But when he grew older and became a father himself, he believed that his father left probably because he felt he had no choice.
Two decades later, Mr Hedger took his family to visit his father in Colchester in Essex.
"He was living in a council flat, still giving judo classes and had become an astrologer. I did not tell my mother about the trip. When I saw him, I just wanted to hug him," he says, voice breaking and eyes reddening.
"I didn't ask him why he left. Maybe he had issues. Maybe it was meant to be like that. Maybe if both my parents had money, I would be an a*****e today," he says, wiping away tears.
The elder Hedger visited Singapore several years later with his new wife and son.
"They stayed with us. My siblings saw him too. We didn't tell our mother but I think she knew," says Mr Hedger, whose mother died in 2013, and his father, in 2015.
After NS, Mr Hedger decided that completing his diploma was the first order of the day .
He responded to an ad for a carpet salesman and turned up for the interview at Oriental Carpet Palace in the Tanglin area.
"I was very tanned from the army and had a moustache. I guess I fitted the stereotype of a carpet dealer and got the job," he says.
His boss Zephyr Amir - who authored a book, Supreme Persian Carpets - was then one of the most famous carpet dealers in town.
"He had two Rolls Royces, two Mercedes and a Honda and was very charismatic. He dealt with ambassadors, bankers and all sorts of high-end clients," he recalls.
From Mr Amir, he learnt a lot - not just about carpets but also salesmanship and grooming.
Sometimes, he would travel with him on buying trips to places like Pakistan and Iran before the revolution in 1979.
"I was very curious. I read a lot of books, grilled carpet repairers and asked people so many questions that they avoided me. I found it intriguing and fascinating," he says.
A question about how to tell the origins of carpets gets him animated.
"You have to look at the design, the colours used, whether it's made of wool or silk, and if it's wool, is it wool from the north or the south? You have to look at the type of knots used... Only then can you more or less come to a conclusion."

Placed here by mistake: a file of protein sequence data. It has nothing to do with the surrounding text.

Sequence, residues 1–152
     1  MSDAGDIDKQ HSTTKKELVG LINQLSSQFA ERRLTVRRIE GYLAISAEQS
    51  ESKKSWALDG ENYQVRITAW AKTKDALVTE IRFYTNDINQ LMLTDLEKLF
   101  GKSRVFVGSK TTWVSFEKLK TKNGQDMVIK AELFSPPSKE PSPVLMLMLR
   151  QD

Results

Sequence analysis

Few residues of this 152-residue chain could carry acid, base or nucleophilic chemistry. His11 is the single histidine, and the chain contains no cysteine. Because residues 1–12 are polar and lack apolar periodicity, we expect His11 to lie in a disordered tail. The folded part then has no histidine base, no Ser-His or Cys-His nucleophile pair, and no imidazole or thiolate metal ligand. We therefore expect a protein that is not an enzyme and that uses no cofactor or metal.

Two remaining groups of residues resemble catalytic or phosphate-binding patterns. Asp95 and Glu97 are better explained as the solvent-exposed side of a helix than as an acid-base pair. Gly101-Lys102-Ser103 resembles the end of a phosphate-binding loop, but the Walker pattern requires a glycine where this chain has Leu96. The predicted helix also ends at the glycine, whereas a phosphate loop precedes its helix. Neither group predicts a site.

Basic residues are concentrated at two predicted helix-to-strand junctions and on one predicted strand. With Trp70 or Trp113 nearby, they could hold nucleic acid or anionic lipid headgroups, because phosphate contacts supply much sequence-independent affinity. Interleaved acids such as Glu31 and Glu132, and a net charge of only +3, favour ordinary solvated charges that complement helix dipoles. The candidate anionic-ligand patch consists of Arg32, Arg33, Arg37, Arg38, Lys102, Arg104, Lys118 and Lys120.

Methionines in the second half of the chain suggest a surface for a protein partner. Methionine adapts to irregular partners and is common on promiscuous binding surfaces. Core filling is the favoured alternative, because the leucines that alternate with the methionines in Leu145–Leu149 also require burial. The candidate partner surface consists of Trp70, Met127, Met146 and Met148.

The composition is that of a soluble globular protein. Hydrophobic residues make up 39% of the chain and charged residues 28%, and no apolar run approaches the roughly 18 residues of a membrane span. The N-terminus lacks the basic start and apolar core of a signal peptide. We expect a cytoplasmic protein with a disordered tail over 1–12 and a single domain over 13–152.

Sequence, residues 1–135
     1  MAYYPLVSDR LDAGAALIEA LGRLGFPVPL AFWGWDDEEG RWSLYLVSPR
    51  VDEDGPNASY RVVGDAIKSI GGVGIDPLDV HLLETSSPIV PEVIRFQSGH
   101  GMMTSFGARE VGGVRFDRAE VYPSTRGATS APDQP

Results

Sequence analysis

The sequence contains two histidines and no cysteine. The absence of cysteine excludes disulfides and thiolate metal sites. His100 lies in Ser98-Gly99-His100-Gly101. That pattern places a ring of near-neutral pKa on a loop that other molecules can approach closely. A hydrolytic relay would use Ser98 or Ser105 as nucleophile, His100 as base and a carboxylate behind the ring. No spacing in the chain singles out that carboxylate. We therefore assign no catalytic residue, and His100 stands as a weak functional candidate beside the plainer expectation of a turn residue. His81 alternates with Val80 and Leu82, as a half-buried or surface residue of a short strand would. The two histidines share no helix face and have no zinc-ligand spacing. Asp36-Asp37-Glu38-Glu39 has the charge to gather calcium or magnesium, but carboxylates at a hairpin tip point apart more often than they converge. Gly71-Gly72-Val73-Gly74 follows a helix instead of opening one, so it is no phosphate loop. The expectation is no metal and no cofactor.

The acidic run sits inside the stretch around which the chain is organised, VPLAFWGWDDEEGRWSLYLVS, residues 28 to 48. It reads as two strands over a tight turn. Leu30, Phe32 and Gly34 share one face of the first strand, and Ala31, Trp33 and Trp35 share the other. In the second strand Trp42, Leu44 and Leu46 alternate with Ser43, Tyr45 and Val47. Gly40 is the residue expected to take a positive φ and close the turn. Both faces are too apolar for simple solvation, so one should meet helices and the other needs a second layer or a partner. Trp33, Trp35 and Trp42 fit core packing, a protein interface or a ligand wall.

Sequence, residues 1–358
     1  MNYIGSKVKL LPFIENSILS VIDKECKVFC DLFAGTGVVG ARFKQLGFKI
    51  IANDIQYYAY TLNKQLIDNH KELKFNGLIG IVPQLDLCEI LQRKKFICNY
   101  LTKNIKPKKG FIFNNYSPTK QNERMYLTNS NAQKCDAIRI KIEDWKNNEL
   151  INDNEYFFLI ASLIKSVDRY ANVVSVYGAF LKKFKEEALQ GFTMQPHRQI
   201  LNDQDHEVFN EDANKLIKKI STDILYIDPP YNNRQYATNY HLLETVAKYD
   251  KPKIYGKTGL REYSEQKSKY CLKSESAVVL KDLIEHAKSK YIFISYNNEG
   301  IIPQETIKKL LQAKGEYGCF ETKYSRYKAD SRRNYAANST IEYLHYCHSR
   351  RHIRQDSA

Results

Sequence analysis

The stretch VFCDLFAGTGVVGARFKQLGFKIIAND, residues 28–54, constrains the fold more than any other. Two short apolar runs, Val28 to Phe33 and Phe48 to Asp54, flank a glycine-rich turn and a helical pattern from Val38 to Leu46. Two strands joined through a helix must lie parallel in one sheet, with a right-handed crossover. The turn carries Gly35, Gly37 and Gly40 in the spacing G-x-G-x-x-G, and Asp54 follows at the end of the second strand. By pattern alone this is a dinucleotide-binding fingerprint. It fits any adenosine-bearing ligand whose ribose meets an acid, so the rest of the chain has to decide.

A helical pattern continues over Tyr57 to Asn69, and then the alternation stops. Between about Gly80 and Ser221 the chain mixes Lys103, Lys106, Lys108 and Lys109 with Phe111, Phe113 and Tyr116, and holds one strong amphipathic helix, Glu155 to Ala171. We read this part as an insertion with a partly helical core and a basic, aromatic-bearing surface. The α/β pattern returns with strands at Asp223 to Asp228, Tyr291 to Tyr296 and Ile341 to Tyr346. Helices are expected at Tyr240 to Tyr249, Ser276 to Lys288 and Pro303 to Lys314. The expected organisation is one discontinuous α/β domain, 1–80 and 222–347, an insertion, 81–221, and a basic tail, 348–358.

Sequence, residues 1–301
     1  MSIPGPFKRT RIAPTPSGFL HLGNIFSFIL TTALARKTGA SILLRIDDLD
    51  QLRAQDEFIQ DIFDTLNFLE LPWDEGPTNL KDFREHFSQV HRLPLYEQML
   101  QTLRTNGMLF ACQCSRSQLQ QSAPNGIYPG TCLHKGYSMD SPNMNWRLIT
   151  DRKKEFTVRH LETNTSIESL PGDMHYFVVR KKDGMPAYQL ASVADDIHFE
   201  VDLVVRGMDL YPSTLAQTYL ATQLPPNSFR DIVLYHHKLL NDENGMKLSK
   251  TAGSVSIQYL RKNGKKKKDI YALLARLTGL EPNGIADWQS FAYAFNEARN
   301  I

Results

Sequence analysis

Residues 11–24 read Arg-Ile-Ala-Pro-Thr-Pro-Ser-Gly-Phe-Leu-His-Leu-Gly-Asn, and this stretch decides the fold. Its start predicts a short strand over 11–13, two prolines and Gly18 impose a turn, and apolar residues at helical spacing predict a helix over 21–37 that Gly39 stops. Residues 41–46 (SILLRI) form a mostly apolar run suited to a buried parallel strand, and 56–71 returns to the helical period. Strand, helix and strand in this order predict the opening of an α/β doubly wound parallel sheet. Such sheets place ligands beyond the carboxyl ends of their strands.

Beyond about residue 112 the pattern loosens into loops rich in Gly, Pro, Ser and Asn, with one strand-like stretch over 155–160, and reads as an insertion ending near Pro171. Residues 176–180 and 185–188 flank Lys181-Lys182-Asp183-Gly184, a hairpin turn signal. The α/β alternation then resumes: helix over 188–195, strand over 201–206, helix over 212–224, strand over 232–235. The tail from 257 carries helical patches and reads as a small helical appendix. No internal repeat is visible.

At 25, he got married; his wife Sheila worked at an accessories shop at the Mandarin Hotel in Orchard Road.
"In those days, the Japanese were kings of consumerism. They would walk into the shop where she was working, and take five Missoni scarves, 10 Gucci wallets," he says.
When a 300 sq ft shop unit in the hotel became available in 1985, his wife suggested that they strike out on their own.
Mr Hedger discussed the idea with his suppliers, who encouraged him and promised him that they would supply him carpets on consignment.
He plonked $8,000 into the business and recouped it within six months. Besides carpets, he also sold brassware and jewellery boxes.
When a second unit became available not long after, he and his wife started a boutique, Santini Collection, which sold Italian fashion and accessories.
The Japanese economy, however, got into trouble in the early 1990s.
"Everything just dried up; it became a ghost town," he says.
The couple closed Santini. But Mr Hedger was convinced there was enough custom among the expatriate and other communities in Singapore to justify a bigger carpet shop.
Ignoring naysayers who said it was foolhardy, he upsized his carpet business and moved it to an 800 sq ft shop in Holland Village in 1991.
He decided to go into auctions, focusing on quality, variety and good prices.
"I'm a shy guy but I had to put on a tie and professionally beg," he says jocularly.
It was a turning point; the business boomed. He also organised classes on carpets for different groups to promote his business.
"From 1991 to 1997, we were on a roll. We sold nearly 300 carpets a month," he says.
There were some hiccups along the way. In 1993, their home off Holland Road was burnt down due to a short circuit.
Although no one was hurt, everything in his home was burnt, including his wedding and childhood photos.
"Thankfully I was insured," he says. "The incident taught me not to fuss about small things. We have to live life."
Mr Hedger rode out other bumps, including the terrorist attacks of Sept 11 in 2001 and the Lehman Brothers crash of 2008, over the years.
When rents in Holland Village became astronomical, he moved to his current premises - a 2,500 sq ft space in Dempsey - in 2007.
Because of what he has gone through, he has a soft spot for underprivileged children and youths at risk. He sits on the exco of The Gabrielites, the old boys' association of St Gabriel's.
He regularly donates carpets which are auctioned off to raise funds for the less fortunate not just at his alma mater, but also other institutions like Montfort, Boys' Town and Assumption Pathway.
Mr Hedger, whose sons are aged between 21 and 28, believes in treating people right.
His shop manager, Ms Alice Chong, has been with him for more than 30 years.
"She has only primary education but I forced her to learn the computer and other things. Today, she is the only Chinese woman in the carpet trade here. I'm the only Eurasian," he says with a guffaw.
Meanwhile, he has come to terms with his children's career plans.
"They're big enough to know what they want. Anyway, life is what you make of it, isn't it?"